Infectious Disease

COVID-19 Fact or Fiction? Week of May 25

May 25, 2020
Fact or Fiction? A) Oral corticosteroids should be used to treat asthma exacerbations when COVID-19 is prevalent in the community. B) Corticosteroids should be considered in patients with COVID-19 experiencing acute respiratory distress syndrome (ARDS).

Infectious Disease

COVID-19 Fact or Fiction? Week of May 11

May 12, 2020
Fact or Fiction? A) All atrial fibrillation patients using warfarin for stroke prevention should be switched to a DOAC during the COVID-19 pandemic. B) It is unlikely a mother will transfer SARS-CoV-2 to her fetus during pregnancy.

Infectious Disease

COVID-19 Fact or Fiction? Week of May 4

May 5, 2020
Fact or Fiction? A) New information conclusively shows that remdesivir improves survivability of patients with severe COVID-19. B) ACE inhibitors have no impact on COVID-19 outcomes when compared to other antihypertensives.

Infectious Disease

COVID-19 Fact or Fiction? Week of April 27

April 29, 2020
Fact or Fiction? A) Approximately 1 in 5 people with COVID-19 are hospitalized. B) COVID-19 patients rarely present with dermatological symptoms.

Infectious Disease

COVID-19 Fact or Fiction? Remdesivir

April 21, 2020
Fact or Fiction? In a preliminary study, remdesivir improved severe COVID-19 outcomes.

Infectious Disease

COVID-19 Fact or Fiction? Ibuprofen vs. Acetaminophen (Paracetamol)

April 15, 2020
Fact or fiction? Acetaminophen (paracetamol) is preferred over NSAIDs for symptom management in patients with confirmed/suspected COVID-19.

Infectious Disease

A video message from our CEO

March 25, 2020
We are here for you Thanks to your ongoing support, MDBriefCase has been a leading provider of free innovative online continuing health education for almost 20 years, and we will continue to be here during these uncertain times. MDBriefCase commits to standing by you. Sincerely, JASON FLOWERDAY MBA, BScChief Executive OfficerMDBriefCase Group Inc.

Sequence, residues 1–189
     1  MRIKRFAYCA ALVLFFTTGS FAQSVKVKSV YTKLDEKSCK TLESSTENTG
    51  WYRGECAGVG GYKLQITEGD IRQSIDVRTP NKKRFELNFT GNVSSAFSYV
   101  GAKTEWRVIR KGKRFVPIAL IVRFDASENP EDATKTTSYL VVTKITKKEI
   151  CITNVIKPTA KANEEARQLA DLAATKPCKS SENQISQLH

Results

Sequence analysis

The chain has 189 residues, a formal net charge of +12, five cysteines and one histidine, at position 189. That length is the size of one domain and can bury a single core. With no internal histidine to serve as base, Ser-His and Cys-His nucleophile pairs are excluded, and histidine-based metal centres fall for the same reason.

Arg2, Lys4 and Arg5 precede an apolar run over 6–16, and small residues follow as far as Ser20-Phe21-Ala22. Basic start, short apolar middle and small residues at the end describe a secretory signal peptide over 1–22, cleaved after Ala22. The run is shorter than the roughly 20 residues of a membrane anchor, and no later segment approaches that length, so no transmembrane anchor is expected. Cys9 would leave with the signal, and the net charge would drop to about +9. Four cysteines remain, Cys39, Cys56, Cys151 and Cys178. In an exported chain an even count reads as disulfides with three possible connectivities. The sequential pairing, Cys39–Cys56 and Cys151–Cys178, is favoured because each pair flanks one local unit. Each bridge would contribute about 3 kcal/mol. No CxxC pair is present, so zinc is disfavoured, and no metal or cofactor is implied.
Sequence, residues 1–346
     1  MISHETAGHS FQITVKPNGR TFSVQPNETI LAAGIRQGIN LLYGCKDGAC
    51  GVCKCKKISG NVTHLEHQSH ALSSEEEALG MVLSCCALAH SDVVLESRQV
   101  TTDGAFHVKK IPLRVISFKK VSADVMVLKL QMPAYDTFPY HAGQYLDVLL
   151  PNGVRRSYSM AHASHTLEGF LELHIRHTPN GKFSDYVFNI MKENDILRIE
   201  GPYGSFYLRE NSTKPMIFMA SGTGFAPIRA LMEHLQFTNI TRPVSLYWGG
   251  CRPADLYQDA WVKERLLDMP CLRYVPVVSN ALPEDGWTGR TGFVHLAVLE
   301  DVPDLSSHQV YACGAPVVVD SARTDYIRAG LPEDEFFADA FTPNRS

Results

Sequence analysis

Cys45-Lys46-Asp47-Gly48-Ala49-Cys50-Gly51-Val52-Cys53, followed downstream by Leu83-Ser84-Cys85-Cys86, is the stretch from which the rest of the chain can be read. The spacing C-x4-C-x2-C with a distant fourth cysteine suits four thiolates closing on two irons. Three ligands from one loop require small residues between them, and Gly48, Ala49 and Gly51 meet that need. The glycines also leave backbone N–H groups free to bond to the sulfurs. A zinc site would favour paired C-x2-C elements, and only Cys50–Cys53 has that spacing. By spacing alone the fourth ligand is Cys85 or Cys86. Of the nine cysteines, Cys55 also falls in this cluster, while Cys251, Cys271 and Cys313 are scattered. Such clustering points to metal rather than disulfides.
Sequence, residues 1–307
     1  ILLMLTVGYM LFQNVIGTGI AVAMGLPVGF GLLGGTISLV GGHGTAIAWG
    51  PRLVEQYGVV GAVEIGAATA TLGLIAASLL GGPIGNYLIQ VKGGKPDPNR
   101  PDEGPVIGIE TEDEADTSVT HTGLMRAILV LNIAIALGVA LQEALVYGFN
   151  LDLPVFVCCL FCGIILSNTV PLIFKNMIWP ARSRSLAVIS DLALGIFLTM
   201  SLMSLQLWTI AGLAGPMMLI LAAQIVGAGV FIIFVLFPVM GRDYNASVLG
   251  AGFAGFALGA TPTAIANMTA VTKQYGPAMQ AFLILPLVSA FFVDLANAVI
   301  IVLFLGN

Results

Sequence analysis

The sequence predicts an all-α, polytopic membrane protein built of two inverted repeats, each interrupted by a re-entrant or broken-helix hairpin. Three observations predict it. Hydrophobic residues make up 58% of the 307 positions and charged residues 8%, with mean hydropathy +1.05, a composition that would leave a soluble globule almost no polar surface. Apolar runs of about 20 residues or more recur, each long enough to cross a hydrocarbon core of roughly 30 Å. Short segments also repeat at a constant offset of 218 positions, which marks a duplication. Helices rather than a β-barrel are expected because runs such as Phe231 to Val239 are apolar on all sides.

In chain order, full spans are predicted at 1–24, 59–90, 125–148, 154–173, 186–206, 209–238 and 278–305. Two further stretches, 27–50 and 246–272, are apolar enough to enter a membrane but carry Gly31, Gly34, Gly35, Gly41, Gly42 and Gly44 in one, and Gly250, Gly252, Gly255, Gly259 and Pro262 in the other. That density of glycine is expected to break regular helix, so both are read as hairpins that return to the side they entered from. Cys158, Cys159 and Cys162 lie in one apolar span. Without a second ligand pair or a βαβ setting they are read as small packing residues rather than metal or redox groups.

Climate change hits health, yet funds lacking: WHO

December 3, 2019
By Stephanie Nebehay GENEVA (Reuters) – Climate change is harming human health as more people suffer from heat stress, extreme weather and mosquito-borne diseases including malaria, the World Health Organization (WHO) said on Tuesday. The U.N. agency, in a report issued a day after a climate summit began in Madrid, urged governments to meet ambitious targets to reduce heat-trapping carbon emissions saying it could save a million lives a year through lower air pollution alone. “Health is paying the price of the climate crisis. Why? Because our lungs, our brains, our cardiovascular system is very much suffering from the causes of climate change which are overlapping very much with the causes of air pollution,” Maria Neira, Director of WHO’s Department of Environment, Climate Change and Health, told a news briefing. Yet less than 1% of international financing for climate action goes to the health sector, she said, calling it “absolutely outrageous”. Global temperatures could rise sharply this century with “wide-ranging and destructive” consequences after greenhouse gas emissions hit record levels last year, international climate experts warned last week. “WHO considers that climate change is potentially the greatest health threat of the 21st Century,” said WHO expert Diarmid Campbell-Lendrum. “The reason […]